This is the world’s smallest country but don’t worry yourself – you don’t need a passport to get in. You also don’t need to cater to the tourist cliché and queue for the Vatican Post Office – just so your homeward bound postcards bear a postage mark that isn’t Italian. Must see features of the Pope’s stomping grounds include the splendid St Peter’s Basilica. The sheer scale of the cool marble interior is more than enough to distract you from the over zealous: “appropriate dress” police on the door. It’s free to make it through to ground level where you can marvel upwards at the sheer gold, marble and paint mastery, but if you want to tour the dome, inside and out, then it’s going to cost you about €7. This experience cannot be recommended enough but heed this advice. Pay extra for the lift and take a big bottle of water with you. The pitiful paper cups of Evian on sale at the top are overpriced and served with a side of major attitude.
Tip #8: Visiting The Sistine Chapel
Like most scenarios where the reputation precedes the attraction, in reality it: “aint all that!” Sadly this is true of the Sistine Chapel. A prolonged and overpriced series of exhibits must be experienced before you reach the chapel and when you finally get in to it you will find pleasure quelling crowds – arguing in hushed whispers with the power mad ushers, who like to keep the crowds quiet! It’s a horrific example of the western tourism machine in full swing so save your money an take yourself for a completely free walking tour along the river. Set off from nearby Ponte Vittorio Emanuelle II and trek down along the river banks to Ponte Garibaldi. From here you should head back into the centre for some hard earned Gelato, from one of the most famous ice cream vendors in the world!
Tip #9: Ice Cream in Rome
There’s one thing that the Italians do (unquestionably) better than the rest of the world and that’s ice cream. For a scoop of Gelato that may well induce an orgasm in your mouth, head over to San Crispino at 42, Via della Panetteria. It’s hidden away in a side street with no ostentatious advertising but because of the tasty treats inside, you still have to form an orderly queue. The butterscotch flavour here is better than anything you ever have, or will, taste. Just as god intended – everything is made with full fat cream and you won’t pay top dollar for this fat infusion – unlike the times when you buy a cone from the street corner vendors. Go now, go now, go now!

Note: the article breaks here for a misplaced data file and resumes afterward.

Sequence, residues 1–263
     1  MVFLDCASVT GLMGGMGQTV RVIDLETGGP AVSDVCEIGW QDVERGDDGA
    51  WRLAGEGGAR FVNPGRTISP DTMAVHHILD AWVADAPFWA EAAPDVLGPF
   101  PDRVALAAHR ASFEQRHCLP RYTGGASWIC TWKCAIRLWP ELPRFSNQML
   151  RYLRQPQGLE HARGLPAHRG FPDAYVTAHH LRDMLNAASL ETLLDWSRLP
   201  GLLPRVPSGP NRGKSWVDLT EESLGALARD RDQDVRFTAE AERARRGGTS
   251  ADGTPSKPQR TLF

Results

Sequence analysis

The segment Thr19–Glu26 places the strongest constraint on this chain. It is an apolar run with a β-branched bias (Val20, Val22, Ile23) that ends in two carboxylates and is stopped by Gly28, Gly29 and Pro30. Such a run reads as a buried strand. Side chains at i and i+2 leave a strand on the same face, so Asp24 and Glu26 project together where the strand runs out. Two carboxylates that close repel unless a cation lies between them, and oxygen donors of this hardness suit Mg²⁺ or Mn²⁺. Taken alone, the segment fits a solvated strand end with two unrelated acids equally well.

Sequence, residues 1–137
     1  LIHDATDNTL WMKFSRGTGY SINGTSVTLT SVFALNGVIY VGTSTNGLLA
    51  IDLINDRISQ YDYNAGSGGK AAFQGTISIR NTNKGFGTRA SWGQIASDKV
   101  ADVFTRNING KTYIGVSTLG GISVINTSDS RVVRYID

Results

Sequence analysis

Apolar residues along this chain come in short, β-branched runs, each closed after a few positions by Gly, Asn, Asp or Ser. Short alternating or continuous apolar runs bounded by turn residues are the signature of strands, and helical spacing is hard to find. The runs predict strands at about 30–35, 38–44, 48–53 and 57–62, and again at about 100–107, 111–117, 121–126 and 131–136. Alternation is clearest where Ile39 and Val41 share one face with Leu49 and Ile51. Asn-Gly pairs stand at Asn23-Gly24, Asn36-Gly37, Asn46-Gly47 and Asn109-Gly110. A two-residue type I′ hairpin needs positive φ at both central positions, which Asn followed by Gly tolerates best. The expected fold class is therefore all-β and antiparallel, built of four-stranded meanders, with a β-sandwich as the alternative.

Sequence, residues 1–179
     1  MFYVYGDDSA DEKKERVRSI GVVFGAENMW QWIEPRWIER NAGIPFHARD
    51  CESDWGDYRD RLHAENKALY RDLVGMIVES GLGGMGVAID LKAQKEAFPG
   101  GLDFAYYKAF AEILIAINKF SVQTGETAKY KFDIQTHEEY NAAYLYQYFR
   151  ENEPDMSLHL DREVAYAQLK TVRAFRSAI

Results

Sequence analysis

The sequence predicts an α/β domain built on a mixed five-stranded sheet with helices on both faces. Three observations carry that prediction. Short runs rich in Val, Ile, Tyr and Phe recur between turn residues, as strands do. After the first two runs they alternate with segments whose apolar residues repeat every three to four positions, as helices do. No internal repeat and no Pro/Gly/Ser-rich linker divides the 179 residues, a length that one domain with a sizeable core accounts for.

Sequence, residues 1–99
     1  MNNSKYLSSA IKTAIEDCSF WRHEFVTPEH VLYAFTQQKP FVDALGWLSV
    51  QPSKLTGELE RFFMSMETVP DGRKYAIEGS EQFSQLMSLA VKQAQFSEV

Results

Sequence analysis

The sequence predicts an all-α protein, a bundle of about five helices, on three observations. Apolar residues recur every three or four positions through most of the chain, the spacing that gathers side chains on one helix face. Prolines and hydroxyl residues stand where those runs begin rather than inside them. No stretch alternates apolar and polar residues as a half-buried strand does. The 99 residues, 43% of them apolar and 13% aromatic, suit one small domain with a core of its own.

Tip #10: Tasty Treats in Rome
For every backpacker the day will come when you have had your fill of cheap and cheerful hostel meals and in Rome it really would be a crime to chow down on the budget spaghetti bolognaise, served up anywhere within a 10m radius of your dormitory. So get up, get dressed and get yourself to one of the many moreish eateries in the Italian capital. Tried and tested restaurants of note include Colline Emiliane on Via degli Avignonesi and Ristorante Asinocotto near Isola Tiberina. Colline Emiliane do the best pasta that will ever pass your lips, it’s hidden away, not ruined by hordes of tourists (yet) and it’s not over priced. Ristorante Asinocotto is a little further out of the city centre and the prices are a little higher, but forgoing a night out in favour of a good two hours of world class cuisine is something you have to do – when in Rome. The beef fillet is a top tip.
Tip #11: A Round Up of Everything Else
The Trevi Fountain is worth a look in – if only to irritate the over zealous security guards who didn’t make it into the elite ranks of the super toned, ridiculously good looking Italian police force. It’s a stunning piece of aquatic architecture and it’s not too far from the afore mentioned ice cream paradise – San Crispino. The Spanish Steps should also make it onto your To Do list, but here’s a top travel tip – useful when you hit any attraction in Rome. Always pick up a supply of water from a super market before you head into town. If you chance it and buy a bottle near to your chosen attraction, you can face a price tag that top €3 per tiny bottle. There’s a great little supermarket on the underground level of Rome Termini Train Station – mere minutes away from Alessandro’s Palace Hostel.
Donde estaremos ...
MEETING POINT: Bottom of spanish steps - Piazza di Spagna